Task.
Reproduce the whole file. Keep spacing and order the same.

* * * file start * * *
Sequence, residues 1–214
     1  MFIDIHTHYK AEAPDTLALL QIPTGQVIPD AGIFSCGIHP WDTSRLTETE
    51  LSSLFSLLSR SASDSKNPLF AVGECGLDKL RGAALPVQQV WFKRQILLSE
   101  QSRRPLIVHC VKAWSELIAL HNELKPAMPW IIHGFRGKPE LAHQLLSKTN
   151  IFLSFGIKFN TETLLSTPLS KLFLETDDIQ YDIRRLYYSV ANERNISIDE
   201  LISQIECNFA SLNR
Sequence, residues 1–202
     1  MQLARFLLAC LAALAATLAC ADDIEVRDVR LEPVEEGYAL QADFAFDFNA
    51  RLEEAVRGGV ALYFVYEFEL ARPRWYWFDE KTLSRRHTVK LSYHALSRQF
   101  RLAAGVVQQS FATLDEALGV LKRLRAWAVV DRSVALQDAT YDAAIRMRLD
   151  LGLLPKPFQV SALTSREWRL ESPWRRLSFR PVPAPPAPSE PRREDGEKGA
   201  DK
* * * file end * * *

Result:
Sequence, residues 1–214
     1  MFIDIHTHYK AEAPDTLALL QIPTGQVIPD AGIFSCGIHP WDTSRLTETE
    51  LSSLFSLLSR SASDSKNPLF AVGECGLDKL RGAALPVQQV WFKRQILLSE
   101  QSRRPLIVHC VKAWSELIAL HNELKPAMPW IIHGFRGKPE LAHQLLSKTN
   151  IFLSFGIKFN TETLLSTPLS KLFLETDDIQ YDIRRLYYSV ANERNISIDE
   201  LISQIECNFA SLNR
Sequence, residues 1–202
     1  MQLARFLLAC LAALAATLAC ADDIEVRDVR LEPVEEGYAL QADFAFDFNA
    51  RLEEAVRGGV ALYFVYEFEL ARPRWYWFDE KTLSRRHTVK LSYHALSRQF
   101  RLAAGVVQQS FATLDEALGV LKRLRAWAVV DRSVALQDAT YDAAIRMRLD
   151  LGLLPKPFQV SALTSREWRL ESPWRRLSFR PVPAPPAPSE PRREDGEKGA
   201  DK